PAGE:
This could be the title of a novel, but no, the subject is really about computers and systems.
To begin with, it’s important to understand what trust means, why it matters, and where it applies. For the remainder of this article, let’s consider it means the following: a relation between two parties where the party that trusts the other is willing to rely on its actions, thereby abandoning control over these actions. Trust is usually thought of as a purely social kind of relation, i.e. between humans, and as a result, most people don’t think of it when making decisions concerning programs and machines. It is implicitly assumed that we can rely on our programs to do their job.
Despite studies 45 years old, security has only recently become a major subject of interest among both developers and users. Developers learn how to avoid exploitation (e.g. how to prevent buffer overflows and limit denial of service), and users are educated not to open a file just because there’s a hyperlink to it. Although it’s usually not explicitly mentioned, the underlying idea is trust. So basically, trust matters every time one uses a networking system in order to make sure life doesn’t turn into a disaster. Obvious, right ?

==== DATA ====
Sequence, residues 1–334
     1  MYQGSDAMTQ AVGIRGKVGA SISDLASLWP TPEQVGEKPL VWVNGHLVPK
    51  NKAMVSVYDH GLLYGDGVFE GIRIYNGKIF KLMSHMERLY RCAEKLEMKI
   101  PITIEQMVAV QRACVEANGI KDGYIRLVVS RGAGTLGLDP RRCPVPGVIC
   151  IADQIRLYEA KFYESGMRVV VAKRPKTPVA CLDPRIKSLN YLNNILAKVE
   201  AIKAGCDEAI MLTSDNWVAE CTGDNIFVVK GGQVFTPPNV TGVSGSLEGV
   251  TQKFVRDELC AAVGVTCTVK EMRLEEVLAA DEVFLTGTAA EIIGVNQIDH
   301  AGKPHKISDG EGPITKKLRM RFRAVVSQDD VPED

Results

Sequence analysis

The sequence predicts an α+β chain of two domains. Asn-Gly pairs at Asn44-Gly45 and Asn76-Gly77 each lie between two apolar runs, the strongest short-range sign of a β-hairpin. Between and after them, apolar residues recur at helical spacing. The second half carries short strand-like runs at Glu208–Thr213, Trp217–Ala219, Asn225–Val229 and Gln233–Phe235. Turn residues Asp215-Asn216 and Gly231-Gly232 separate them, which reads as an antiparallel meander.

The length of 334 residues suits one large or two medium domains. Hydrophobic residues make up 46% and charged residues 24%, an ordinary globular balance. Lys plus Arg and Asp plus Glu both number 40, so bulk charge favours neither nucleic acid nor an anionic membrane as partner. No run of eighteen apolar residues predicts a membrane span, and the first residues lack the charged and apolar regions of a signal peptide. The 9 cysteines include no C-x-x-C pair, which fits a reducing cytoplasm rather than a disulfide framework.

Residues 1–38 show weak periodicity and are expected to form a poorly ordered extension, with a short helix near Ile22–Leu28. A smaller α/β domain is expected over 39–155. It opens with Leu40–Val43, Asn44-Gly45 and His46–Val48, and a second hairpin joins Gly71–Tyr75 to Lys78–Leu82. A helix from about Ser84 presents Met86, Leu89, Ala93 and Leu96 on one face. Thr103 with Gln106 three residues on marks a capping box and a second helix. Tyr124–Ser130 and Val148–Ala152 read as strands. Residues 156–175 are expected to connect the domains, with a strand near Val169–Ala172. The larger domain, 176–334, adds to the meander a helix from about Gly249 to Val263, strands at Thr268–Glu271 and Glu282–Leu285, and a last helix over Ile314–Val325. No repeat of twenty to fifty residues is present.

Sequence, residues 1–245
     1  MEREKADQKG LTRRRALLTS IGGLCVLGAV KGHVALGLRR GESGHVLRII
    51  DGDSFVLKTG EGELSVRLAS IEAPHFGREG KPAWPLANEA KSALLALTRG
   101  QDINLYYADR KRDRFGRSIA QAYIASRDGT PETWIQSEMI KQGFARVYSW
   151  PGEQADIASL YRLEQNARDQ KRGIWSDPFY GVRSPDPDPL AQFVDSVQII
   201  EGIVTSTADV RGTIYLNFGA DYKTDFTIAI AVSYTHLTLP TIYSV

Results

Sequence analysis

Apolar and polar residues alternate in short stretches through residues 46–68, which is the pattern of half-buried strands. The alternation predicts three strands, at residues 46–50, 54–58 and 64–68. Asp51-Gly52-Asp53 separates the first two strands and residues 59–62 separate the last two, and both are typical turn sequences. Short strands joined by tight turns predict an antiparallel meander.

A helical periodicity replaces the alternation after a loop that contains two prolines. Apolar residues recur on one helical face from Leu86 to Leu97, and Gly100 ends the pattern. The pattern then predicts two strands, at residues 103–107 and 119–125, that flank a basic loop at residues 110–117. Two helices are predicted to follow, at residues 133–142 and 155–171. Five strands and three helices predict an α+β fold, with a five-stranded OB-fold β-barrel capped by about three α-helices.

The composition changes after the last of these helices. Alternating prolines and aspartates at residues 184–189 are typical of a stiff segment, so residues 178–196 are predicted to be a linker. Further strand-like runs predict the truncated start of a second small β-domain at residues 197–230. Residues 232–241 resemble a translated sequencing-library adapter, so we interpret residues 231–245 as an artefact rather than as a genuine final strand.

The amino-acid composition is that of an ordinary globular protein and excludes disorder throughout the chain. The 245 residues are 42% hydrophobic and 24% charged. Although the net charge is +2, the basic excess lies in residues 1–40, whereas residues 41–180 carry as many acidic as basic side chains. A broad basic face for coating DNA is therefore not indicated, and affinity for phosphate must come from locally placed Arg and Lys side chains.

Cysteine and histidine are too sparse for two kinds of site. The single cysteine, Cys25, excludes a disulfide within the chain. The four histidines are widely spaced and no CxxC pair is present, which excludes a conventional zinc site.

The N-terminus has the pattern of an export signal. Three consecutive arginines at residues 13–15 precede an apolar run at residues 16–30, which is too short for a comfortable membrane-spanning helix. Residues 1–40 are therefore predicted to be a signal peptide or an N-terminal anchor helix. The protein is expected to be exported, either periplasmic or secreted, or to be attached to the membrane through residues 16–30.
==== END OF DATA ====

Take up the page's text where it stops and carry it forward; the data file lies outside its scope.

But there is a growing need for programs to trust other programs, without direct human intervention. The best current example is secured web sites (HTTPS), where users must easily be able to trust a quite large chain of programs, from the operating system to the remote data, through the user interface, the browser, the network, the web server and the web application, including the remote database that retains the data while it’s not being used. This particular case is solved with a system of certificates involving a third party, which most users never know. Once more, users trust their programs implicitly, and browsers come with a list of certificate authorities that are considered trustworthy.